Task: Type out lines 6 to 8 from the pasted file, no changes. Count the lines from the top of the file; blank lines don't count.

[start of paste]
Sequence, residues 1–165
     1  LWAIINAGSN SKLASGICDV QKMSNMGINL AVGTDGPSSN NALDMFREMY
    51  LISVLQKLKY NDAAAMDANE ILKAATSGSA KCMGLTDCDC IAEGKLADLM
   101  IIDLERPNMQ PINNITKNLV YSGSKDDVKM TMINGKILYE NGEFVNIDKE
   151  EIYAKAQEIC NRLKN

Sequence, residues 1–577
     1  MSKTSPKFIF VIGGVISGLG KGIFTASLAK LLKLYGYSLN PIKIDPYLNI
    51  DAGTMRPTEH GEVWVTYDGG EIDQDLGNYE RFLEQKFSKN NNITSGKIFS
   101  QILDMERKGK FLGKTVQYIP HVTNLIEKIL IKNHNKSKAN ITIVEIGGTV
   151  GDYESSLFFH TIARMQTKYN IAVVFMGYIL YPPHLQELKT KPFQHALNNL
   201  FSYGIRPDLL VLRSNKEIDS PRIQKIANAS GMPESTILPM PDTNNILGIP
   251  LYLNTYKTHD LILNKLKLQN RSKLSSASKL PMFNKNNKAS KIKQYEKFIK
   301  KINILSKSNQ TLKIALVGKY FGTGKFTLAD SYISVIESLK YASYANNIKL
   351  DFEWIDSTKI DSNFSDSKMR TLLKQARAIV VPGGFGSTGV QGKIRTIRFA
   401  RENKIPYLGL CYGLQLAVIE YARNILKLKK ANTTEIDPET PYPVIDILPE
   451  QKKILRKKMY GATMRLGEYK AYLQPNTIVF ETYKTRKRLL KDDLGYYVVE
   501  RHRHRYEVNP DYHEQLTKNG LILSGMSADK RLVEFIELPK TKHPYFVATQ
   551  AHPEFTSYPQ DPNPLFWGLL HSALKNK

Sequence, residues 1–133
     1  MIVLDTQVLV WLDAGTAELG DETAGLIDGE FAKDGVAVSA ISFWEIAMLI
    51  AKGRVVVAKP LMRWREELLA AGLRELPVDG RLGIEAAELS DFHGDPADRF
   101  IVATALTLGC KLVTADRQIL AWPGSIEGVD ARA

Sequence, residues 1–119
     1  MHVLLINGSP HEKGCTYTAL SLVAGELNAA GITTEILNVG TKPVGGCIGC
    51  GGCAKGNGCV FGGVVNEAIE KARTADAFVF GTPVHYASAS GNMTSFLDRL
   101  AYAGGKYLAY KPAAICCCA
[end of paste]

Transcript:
Sequence, residues 1–577
     1  MSKTSPKFIF VIGGVISGLG KGIFTASLAK LLKLYGYSLN PIKIDPYLNI
    51  DAGTMRPTEH GEVWVTYDGG EIDQDLGNYE RFLEQKFSKN NNITSGKIFS